‘We have not the slightest wish to minimize the vital importance of expert testimony in patent suits, or to suggest that we are not absolutely dependent upon it within its proper scope; but that scope is often altogether misapprehended, as the appellant has misapprehended it here. Specifications are written to those skilled in the art, among whom judges are not. It therefore becomes necessary, when the terminology of the art is not comprehensible to a lay person, that so much of it as is used in the specifications should be translated into colloquial language; in short, that the judge should understand what the specifications say. This is the only permissible use of expert testimony which we recognize. When the judge has understood the specifications, he cannot avoid the responsibility of deciding himself all questions of infringement and anticipation, and the testimony of experts upon these issues is inevitably a burdensome impertinence.’ [Emphasis added.]
See also National Transformer Corp. v. France Mfg. Co., 6 Cir., 215 F.2d 343, 358; Walker on Patents, Dellers Ed. Vol. 3, p. 1207.
Respondents' attorney and expert witness recognized the duty of the court to make its final determination from an interpretation of the language of the patent and not by adopting the testimony of an expert witness. This is disclosed by the following excerpt from the record:
‘Mr. Avera: Q. My next question would be, I would like to inquire of Mr. Swain what, in his opinion, this patent purports to cover.
‘Mr. Price: Objected to as invading the province of the Court. I don't think he would be testifying in a Federal Court.
‘The Court: I doubt very seriously if that is a subject for expert testimony. I think it is a matter that would rest almost entirely in the patent office or Board of Appeals, or somewhere back there, isn't that correct?
‘Mr. Price: Well, I urge the formula objection, as well.
‘The Witness: If I might answer Your Honor's question, when the patent office has a patent, it of course doesn't have these other devices and the device before it, so the patent office makes no holding that this device infringes this patent. What the patent office does is issue these claims, and then it is up to a court to take those claims and read them, and determine whether or not those claims are infringed.’ [Emphasis added.]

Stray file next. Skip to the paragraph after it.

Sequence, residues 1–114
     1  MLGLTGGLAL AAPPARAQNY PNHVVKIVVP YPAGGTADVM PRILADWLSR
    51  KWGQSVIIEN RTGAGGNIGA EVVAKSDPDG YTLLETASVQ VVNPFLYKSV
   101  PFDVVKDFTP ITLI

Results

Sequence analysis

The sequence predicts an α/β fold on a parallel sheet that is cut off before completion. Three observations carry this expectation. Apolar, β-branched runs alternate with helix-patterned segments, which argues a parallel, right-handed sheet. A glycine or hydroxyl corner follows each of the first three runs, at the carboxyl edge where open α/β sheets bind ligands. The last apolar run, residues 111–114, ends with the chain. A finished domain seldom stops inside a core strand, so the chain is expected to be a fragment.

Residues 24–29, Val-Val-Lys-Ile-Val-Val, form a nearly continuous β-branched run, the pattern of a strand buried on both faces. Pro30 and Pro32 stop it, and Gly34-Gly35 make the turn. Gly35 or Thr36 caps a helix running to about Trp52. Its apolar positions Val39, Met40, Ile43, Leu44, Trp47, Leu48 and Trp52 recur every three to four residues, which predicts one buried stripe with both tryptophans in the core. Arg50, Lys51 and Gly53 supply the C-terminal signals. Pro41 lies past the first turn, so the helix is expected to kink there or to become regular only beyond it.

The foregoing quotation from the record also serves to refute respondents' argument that the opinion evidence is sufficient because appellant failed to object to the testimony of the ground of the best evidence rule. The law is clear that an expression of opinion by an expert witness is not barred by the best evidence rule insofar as it purports to be an interpretation of a patent. The question presented to this court is not the admissibility of the testimony, but whether such opinion can substitute for the patent itself and obviate the court's reading and interpreting the document. For the reasons hereinbefore stated, we hold that it cannot.
It is also contended that the court's finding that appellant must account for ‘wear points', a component part of the devices manufactured, is without supporting evidece. Appellant asserts that the ‘wear points' are not covered by the patent, but that there is no way the question can be determined from the record in the absence of the patent. We find this to be so, and also that it cannot be determined whether the manufacture and inclusion of ‘wear points' as a part of the completed device constitutes contributory infringement. We believe the court should have had the patent before it in making these determinations.
The judgment is reversed.
STONE, Justice pro tem.
DRAPER, Acting P. J., and SHOEMAKER, J., concur.